The present invention relates to electronic receipt of information. In particular, the present invention relates to software filtering of information received by a set top box.

BACKGROUND OF THE INVENTION

In a data receiving system, such as an interactive television system, information, such as service information (SI), may be sent from a head end in various blocks of data, sometimes referred to as sections, via various transport mediums. For example, data sections may be sent from a head end via cable or satellite to a set top box coupled to a television set. An example of the contents of such data sections include information regarding present or following events, services which the user of the set top box may access, and the current time and date. Examples of events may include a television program, or a commercial, while an example of services may be a set of channels subscribed to by a viewer.

A particular set top box need only acquire sections which are required by that particular set top box, sections which are new, or sections which have changed. For example, if a viewer has only subscribed to a set of basic channels, then the sections specific to a special sports channel or movie channel not included in the basic channel set would not be required by the set top box. Accordingly, all sections which do not meet a particular set top boxes criteria's may be disregarded. The acceptance of a few select sections and rejection of all other sections may be accomplished though a combination of hardware and software filtering mechanisms.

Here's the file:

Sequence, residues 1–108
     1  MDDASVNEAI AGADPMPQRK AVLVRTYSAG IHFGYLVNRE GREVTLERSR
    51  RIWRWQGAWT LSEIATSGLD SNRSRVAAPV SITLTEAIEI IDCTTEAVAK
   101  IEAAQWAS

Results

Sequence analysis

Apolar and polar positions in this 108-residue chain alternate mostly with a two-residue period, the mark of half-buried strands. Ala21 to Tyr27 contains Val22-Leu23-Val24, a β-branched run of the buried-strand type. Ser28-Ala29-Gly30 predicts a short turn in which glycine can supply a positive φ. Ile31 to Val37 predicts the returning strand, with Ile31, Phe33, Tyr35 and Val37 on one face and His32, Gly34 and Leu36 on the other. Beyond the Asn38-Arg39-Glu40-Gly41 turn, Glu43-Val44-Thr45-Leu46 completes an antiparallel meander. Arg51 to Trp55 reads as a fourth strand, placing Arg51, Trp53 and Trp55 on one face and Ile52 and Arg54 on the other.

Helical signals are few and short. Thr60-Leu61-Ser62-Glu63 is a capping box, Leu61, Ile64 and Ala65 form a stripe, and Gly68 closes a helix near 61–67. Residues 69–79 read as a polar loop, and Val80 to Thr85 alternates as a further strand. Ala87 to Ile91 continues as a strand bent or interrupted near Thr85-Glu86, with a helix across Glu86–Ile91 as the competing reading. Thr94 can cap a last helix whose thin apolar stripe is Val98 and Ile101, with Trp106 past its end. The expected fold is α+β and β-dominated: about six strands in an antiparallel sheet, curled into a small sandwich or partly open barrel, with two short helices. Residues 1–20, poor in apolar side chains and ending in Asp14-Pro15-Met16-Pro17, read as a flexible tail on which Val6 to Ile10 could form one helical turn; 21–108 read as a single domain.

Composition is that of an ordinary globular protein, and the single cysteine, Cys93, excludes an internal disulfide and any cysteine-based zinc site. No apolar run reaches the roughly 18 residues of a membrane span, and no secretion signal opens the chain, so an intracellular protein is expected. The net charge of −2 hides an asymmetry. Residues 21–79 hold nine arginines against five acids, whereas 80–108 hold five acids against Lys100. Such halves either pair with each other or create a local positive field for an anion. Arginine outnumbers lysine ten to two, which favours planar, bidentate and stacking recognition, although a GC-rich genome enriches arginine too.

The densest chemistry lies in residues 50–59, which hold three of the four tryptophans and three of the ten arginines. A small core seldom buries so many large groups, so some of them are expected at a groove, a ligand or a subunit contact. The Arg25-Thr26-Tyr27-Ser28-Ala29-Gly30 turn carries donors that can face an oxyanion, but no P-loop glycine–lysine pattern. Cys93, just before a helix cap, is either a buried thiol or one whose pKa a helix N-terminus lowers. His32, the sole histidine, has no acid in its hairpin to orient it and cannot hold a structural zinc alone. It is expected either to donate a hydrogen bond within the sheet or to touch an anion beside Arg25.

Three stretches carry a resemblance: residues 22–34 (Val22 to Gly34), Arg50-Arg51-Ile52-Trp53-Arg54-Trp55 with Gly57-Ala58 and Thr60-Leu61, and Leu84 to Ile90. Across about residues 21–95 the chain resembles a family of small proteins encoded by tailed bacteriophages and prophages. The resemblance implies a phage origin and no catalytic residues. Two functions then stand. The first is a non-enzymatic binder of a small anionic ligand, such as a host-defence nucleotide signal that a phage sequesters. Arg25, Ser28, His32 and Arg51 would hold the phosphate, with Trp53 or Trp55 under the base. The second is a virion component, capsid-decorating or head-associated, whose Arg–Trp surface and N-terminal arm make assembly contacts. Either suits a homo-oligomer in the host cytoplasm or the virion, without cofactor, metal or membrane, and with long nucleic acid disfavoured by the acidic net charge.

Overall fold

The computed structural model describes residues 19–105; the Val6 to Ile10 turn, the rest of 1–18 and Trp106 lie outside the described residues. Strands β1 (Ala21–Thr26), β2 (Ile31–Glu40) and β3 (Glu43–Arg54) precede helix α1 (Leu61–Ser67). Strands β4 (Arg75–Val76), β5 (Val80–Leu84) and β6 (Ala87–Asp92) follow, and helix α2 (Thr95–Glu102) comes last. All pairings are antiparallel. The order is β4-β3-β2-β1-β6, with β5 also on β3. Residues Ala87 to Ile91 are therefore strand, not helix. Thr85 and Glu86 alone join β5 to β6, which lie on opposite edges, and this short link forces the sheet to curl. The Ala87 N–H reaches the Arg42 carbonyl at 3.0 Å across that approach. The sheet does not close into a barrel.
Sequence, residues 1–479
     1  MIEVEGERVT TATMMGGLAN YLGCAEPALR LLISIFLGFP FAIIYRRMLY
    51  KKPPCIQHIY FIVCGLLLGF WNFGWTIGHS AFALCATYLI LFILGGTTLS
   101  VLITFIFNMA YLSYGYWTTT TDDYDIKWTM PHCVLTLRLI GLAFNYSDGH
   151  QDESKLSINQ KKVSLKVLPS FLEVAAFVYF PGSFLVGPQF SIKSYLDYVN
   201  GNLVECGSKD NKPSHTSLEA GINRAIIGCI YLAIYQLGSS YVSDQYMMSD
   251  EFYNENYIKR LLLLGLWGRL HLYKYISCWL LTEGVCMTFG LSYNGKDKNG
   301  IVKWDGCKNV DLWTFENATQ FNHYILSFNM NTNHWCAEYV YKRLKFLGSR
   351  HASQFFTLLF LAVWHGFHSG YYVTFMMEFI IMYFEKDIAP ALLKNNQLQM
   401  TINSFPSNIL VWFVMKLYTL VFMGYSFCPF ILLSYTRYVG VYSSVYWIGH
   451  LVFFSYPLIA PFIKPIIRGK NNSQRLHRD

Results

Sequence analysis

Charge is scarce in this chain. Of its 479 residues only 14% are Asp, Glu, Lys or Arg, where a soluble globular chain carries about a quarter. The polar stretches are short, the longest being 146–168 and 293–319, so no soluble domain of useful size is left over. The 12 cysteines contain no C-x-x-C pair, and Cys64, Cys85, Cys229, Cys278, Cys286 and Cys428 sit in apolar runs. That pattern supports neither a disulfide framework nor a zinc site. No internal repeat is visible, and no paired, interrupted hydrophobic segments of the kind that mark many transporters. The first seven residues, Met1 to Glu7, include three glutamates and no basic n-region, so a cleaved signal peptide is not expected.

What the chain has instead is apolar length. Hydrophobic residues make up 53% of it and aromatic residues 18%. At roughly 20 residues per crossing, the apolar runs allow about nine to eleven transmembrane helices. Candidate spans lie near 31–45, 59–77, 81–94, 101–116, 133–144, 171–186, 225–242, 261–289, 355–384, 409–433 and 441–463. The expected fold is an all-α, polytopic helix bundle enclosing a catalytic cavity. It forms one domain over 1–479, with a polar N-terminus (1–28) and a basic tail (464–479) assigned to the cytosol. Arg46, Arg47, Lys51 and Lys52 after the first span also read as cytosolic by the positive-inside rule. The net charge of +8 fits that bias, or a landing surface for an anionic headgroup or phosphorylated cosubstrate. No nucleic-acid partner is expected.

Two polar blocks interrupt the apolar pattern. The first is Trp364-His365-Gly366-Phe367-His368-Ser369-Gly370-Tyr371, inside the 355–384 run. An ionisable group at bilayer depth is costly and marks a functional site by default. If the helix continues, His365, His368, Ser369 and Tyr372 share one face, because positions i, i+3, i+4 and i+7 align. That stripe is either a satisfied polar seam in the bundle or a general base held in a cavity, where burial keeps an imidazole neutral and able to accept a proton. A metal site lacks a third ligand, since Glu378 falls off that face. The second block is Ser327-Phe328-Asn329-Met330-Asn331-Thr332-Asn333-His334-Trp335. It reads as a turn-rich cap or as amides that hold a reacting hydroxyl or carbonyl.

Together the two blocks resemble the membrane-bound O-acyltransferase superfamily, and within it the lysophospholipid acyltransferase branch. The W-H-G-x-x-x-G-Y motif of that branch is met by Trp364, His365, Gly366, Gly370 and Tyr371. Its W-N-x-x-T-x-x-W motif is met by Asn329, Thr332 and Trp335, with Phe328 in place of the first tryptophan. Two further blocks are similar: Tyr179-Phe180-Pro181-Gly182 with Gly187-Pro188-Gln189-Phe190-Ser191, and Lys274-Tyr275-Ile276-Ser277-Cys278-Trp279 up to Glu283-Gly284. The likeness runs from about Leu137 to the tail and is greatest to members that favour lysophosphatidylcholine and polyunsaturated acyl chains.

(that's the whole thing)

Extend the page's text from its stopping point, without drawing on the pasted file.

A hardware filtering mechanism will typically perform a first round of filtering and pass on those sections which are accepted to a software filtering mechanism. The software filtering mechanism typically analyzes a header of the section, which is commonly the first 8 to 12 bytes of a section. When the start of a new section is detected, the section header is typically acquired form the transport stream. This section header is then passed to the software filter process which typically decides whether the remainder of the section should be acquired or rejected. If it is determined that the section is required, then the remainder of the section is acquired and passed on for further processing. Accordingly, only sections which have passed the software filter process will typically be forwarded for further processing.